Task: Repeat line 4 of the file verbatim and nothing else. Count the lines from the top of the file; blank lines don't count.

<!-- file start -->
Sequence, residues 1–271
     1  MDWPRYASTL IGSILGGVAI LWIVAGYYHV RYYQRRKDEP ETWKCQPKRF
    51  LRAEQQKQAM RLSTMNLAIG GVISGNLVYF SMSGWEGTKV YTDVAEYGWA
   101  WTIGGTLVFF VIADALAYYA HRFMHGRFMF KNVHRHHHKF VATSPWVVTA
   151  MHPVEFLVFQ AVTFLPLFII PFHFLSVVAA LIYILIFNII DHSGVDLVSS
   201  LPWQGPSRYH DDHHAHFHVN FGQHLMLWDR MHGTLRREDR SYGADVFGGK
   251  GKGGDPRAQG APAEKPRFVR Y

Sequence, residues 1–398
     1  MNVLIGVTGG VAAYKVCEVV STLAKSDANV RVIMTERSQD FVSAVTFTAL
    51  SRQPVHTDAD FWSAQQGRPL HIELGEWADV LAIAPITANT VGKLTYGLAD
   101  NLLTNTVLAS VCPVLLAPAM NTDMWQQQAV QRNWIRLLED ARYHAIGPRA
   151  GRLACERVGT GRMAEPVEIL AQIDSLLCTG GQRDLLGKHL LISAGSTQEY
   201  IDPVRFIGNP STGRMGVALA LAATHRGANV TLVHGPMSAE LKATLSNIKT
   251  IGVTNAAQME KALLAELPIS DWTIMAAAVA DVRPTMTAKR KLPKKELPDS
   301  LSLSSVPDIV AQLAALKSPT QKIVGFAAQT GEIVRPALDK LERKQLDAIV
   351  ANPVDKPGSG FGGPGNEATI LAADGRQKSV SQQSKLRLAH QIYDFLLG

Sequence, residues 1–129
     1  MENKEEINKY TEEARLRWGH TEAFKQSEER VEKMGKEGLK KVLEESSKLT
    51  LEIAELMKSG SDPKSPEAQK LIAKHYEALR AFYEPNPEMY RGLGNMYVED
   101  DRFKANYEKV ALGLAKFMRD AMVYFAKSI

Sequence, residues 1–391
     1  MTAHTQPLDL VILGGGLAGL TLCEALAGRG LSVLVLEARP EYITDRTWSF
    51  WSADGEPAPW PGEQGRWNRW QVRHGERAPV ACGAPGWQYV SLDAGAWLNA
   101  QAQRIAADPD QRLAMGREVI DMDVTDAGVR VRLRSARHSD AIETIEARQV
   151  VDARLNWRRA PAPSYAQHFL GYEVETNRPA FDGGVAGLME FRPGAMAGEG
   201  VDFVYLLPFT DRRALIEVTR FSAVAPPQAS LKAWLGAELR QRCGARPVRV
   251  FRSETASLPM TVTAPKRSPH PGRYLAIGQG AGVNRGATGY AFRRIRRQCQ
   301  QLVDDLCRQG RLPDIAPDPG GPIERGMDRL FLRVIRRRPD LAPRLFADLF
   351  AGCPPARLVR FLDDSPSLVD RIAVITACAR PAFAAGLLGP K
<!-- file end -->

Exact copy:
   101  WTIGGTLVFF VIADALAYYA HRFMHGRFMF KNVHRHHHKF VATSPWVVTA